What exactly are Core Values, and why should you care about them?

Episode 054

Nov 22, 2023

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"Take a look at this list of corporate values: Communication, Respect, Integrity, Excellence.
They sound pretty good, don't they? Maybe they even resemble your own company values.
If so, you should be nervous. These are the corporate values of Enron, as claimed in its 2000 annual report, and they're absolutely meaningless."

This was taken as a summary from the HBR (Harvard Business Review) article:
'Make your Values Mean Something' by Patrick M. Lencioni 
[link in the resource section below].

Let's talk about Core Values

It's a conversation that's often overlooked but holds great importance. You encounter values everywhere, but do you truly understand their significance?

So, what exactly are values, and why should you care about them?

According to the Cambridge Dictionary, values are the guiding principles that help you determine right and wrong and how to navigate various situations. Values go beyond mere inspiration; they are meant to drive you into action. They shouldn't be relegated to words displayed on a wall or a website, hoping someone might notice.

Consider this scenario: When potential customers or suppliers come across your values, they might think, "These align with ours. We share three out of five values and suggests a strong foundation for collaboration."

Many of you will be thinking, 'Hmm, probably not'.

Here's our question: If you know a company that genuinely lives by its values, we encourage you to share that with us. We've set up a space on each podcast episode where you can share your thoughts and information.

We firmly believe that core values are not just words but a call to action.

They serve as our guiding principles, shaping our actions and decisions, acting as a unifying flag, and rallying us all towards common goals.

It is especially crucial in today's landscape, where values and alignment matter significantly, particularly to millennials and others. They seek alignment with their values, not the other way around.

So, when crafting your core values, keep this in mind.

It's about aligning with clients and service providers who share your values and ethos. It's not just about them coming to you; it's about how you show up for them, potentially shaping the future we all desire.

Core values deserve careful consideration.

We often emphasise this in our alignment workshops. When organisations express the need to change their safety culture, we always start with a critical question:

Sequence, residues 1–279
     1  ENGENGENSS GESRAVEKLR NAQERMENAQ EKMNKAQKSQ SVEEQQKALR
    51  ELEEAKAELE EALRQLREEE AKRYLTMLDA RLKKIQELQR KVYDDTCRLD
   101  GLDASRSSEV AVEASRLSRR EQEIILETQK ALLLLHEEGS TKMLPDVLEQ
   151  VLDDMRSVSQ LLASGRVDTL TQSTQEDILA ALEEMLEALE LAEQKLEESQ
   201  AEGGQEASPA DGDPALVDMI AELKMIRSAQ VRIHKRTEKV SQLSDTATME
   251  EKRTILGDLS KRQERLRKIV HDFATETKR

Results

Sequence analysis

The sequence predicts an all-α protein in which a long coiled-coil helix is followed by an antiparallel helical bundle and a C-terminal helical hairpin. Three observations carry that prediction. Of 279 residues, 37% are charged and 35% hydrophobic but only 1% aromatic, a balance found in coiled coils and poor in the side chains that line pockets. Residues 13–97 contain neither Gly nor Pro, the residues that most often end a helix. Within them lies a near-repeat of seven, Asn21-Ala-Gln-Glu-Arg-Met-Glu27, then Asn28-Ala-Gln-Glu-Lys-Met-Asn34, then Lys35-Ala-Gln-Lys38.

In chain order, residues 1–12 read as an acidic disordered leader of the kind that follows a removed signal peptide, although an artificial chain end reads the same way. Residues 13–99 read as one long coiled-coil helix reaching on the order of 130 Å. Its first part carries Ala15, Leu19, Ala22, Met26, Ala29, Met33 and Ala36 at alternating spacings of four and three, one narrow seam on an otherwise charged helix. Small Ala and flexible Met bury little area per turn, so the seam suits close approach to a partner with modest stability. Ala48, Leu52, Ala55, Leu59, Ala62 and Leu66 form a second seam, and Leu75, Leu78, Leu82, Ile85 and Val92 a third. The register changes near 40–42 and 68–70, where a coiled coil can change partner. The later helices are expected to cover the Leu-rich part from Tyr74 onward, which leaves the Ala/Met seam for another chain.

• What does the senior leadership team think?

Have they engaged in a conversation about alignment and what this transformation should look like?

Defining the values that will underpin this change is a crucial step, and we're here to facilitate that conversation – it's a fabulous first step.

On that note, it's often a conversation where we have to look at the difference between a value and an aspiration.

Another quote from the HBR article says,

'I once asked the CEO of a Fortune 500 networking company to tell me one of his firm's core values. A sense of urgency,' he replied without hesitation. So, I asked, 'Do your employees take quick action and hit all their deadlines?' 'No,' he replied, 'they're complacent as hell, which is why we need to make urgency one of our core values.'

That response reveals a confusion underlying many values initiatives.

Far from being a core value, a sense of urgency didn't even exist in the organisation.
It was just an aspiration, a goal for the future.

Too often, executives mistake other kinds of values for core values, and the resulting chaos bewilders employees and makes management seem out of touch.

That hits home so hard because how often is it that companies have an aspiration of what they want to achieve, yet the reality isn't even a glimmer in what is going on in the organisation?

It causes so many clashes throughout the process.

When you consider guiding actions around attracting the right people, you're advertising - here are our values: come and work with us, be our client, be our service provider, and then wonder why the relationship fails because you're making a promise you cannot deliver on.

You've probably encountered numerous instances of this, and it's a common scenario.

You often come across words like "respect" or "integrity" as key components of company core values. However, pausing and questioning what these words truly represent is essential.

  • Are they genuinely being put into practice?
  • Is respect being extended to everyone?
  • Are they responding promptly to suppliers and clients?
  • Are they consistently demonstrating integrity in their actions, both internally and externally?

It's not just about superficially displaying these core values; it's about embodying them in your actions. This situation brings to mind the saying: 'Your actions are speaking so loud, I cannot hear what you are saying.'

It's a brilliant reminder that actions speak louder than words.

Conversely, companies with strong values that translate into action are more successful. Their actions convey a clear message that aligns with their values.

Now, consider what it means for you when you engage with such a company, whether as an employee, client, provider or simply someone interacting with the organisation. It makes a difference, doesn't it?

In our case, it can mean the distinction between the type of client we aspire to work with and the ones we'd rather not. Sometimes, you face the challenge of making that determination, and it's not always straightforward.

In essence, our values serve as a guiding compass.